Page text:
On its website, the CBS News (11/8, Jaslow) reports that the American Heart Association is warning consumer to "beware of the 'salty six,'" which according to the AHA, "consist of common foods in Americans' diets that are packed with excess sodium." Conversely, the "list of top culprits doesn't even include snack foods," such as pretzels and chips.
The Minneapolis Star Tribune (11/8, Stoxen) notes that the AHA says the "Salty Six" foods are "loaded with excess sodium," can increase the "risk for heart disease and stroke," and should be "used sparingly." They are: Breads and rolls, cold cuts and cured meats, pizza, poultry, soup and sandwiches.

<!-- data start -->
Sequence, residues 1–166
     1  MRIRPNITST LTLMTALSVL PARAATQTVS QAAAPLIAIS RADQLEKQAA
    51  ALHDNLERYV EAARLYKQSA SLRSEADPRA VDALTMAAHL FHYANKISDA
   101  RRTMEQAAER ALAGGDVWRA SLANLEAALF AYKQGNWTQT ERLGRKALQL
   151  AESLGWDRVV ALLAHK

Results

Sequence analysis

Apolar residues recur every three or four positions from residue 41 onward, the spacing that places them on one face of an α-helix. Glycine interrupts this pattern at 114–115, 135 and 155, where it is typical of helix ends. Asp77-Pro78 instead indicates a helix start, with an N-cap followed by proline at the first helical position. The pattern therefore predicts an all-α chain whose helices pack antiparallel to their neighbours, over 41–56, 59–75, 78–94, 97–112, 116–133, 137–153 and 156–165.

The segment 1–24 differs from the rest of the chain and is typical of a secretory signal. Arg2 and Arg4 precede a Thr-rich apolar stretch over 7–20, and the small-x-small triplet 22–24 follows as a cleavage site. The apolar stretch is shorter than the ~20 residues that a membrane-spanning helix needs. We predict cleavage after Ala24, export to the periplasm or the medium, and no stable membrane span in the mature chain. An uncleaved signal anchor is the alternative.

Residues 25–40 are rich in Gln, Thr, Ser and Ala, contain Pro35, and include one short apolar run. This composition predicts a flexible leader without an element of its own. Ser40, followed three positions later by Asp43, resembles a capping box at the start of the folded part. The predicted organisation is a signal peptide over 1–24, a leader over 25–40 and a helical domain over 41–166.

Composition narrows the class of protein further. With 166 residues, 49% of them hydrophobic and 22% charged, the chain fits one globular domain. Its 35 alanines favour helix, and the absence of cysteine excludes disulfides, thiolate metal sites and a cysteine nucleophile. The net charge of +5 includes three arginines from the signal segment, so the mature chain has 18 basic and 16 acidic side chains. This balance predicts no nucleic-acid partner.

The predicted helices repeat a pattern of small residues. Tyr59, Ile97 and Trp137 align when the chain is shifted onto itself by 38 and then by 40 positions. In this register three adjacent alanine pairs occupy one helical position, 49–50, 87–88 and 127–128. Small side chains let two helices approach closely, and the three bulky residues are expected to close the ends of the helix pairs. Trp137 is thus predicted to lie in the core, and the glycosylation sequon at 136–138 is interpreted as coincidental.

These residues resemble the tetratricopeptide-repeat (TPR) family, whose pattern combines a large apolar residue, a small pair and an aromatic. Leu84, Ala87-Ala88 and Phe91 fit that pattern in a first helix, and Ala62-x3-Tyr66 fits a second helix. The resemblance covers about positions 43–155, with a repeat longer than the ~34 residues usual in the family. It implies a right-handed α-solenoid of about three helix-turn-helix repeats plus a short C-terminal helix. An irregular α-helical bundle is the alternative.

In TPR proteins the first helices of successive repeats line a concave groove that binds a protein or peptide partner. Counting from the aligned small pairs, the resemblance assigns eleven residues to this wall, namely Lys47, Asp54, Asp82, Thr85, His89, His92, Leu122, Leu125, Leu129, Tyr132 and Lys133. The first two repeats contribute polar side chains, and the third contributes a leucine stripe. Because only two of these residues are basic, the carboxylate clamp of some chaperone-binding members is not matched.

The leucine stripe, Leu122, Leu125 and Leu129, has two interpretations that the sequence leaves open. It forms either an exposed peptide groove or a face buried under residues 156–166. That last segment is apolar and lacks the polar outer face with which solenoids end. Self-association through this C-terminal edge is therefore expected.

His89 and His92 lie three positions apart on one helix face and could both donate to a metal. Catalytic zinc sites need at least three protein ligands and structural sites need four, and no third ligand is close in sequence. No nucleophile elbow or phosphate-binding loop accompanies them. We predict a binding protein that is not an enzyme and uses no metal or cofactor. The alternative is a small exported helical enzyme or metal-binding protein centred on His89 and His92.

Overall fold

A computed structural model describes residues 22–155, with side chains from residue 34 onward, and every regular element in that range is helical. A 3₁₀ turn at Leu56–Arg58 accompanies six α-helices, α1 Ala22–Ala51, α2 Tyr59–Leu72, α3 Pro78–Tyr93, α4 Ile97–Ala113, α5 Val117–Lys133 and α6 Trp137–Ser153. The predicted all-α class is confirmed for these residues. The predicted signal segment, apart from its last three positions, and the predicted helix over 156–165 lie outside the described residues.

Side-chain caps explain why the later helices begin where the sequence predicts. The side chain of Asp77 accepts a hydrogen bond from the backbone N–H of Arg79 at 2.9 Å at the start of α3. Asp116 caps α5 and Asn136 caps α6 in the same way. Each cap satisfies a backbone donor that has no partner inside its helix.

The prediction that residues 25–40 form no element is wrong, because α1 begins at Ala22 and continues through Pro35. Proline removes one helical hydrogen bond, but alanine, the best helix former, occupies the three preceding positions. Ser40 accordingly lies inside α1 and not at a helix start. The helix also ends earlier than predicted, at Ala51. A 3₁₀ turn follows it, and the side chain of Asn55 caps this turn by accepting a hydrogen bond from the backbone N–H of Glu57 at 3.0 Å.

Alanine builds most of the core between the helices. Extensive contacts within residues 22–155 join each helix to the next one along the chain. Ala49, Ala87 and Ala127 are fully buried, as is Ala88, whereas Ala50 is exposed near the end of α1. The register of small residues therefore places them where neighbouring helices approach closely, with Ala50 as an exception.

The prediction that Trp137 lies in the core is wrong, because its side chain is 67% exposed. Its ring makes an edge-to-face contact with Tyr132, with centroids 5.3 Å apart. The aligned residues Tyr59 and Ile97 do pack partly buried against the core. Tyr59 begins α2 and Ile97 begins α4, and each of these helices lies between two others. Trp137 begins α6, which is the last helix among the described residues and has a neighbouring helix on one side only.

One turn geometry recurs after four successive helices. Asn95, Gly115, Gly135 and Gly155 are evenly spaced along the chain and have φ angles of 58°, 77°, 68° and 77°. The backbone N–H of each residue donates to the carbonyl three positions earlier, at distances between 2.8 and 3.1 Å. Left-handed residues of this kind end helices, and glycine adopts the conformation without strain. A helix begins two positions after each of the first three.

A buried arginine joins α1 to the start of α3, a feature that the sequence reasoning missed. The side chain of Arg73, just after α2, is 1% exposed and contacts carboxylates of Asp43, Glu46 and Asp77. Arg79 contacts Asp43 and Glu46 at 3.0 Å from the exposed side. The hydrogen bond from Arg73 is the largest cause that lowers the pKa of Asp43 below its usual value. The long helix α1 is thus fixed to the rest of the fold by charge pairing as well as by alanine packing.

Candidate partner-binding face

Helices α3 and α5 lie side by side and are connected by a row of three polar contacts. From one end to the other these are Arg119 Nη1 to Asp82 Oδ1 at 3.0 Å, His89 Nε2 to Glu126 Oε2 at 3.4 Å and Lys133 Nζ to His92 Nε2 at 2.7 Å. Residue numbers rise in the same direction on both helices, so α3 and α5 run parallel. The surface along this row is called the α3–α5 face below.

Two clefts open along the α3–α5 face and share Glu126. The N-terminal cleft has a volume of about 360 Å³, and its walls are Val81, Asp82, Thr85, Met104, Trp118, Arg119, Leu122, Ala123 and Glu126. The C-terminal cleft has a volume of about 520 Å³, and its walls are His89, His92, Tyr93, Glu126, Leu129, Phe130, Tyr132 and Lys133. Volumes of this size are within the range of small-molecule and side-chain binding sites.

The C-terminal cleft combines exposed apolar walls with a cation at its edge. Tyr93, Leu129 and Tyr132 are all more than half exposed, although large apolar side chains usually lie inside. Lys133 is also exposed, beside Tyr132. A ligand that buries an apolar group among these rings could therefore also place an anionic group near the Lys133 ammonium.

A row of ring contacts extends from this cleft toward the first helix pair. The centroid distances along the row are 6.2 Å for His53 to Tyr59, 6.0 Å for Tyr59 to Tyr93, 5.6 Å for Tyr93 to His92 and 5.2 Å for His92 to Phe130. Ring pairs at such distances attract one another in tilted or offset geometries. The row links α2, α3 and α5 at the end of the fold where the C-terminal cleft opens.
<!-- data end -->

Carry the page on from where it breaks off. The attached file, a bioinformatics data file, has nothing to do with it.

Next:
According to WebMD (11/8, Warner), the "Salty Six" was listed in a new report from the AHA and the American Stroke Association. The study authors "say the average American takes in about 3,400 milligrams (mg) of sodium a day, more than twice the AHA's recommended limit of 1,500 mg." However, only a small portion of that excess sodium "comes from the salt shaker. Experts say more than 75% of people's salt comes from eating processed or restaurant foods."